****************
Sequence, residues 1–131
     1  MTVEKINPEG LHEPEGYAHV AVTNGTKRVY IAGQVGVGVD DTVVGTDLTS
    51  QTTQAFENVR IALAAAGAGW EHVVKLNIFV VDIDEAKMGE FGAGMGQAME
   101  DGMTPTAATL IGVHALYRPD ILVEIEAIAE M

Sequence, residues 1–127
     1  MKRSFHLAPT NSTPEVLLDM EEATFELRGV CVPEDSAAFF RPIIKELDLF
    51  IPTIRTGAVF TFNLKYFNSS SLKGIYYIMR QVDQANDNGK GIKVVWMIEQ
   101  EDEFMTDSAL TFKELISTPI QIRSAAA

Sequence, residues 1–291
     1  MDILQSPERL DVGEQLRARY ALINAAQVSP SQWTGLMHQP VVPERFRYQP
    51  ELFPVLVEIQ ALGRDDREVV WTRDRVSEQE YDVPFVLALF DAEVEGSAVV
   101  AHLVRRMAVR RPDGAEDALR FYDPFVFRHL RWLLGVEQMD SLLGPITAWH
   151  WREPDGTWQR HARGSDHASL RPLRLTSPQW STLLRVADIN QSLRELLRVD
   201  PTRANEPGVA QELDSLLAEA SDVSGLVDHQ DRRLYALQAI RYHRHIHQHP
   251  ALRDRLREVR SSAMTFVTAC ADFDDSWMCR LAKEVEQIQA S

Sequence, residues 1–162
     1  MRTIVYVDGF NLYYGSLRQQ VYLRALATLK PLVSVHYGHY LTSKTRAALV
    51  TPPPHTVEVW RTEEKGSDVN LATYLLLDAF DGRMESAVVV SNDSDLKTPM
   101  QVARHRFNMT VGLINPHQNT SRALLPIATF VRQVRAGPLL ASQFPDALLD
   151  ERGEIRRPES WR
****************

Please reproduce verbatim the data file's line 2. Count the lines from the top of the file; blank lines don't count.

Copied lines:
     1  MTVEKINPEG LHEPEGYAHV AVTNGTKRVY IAGQVGVGVD DTVVGTDLTS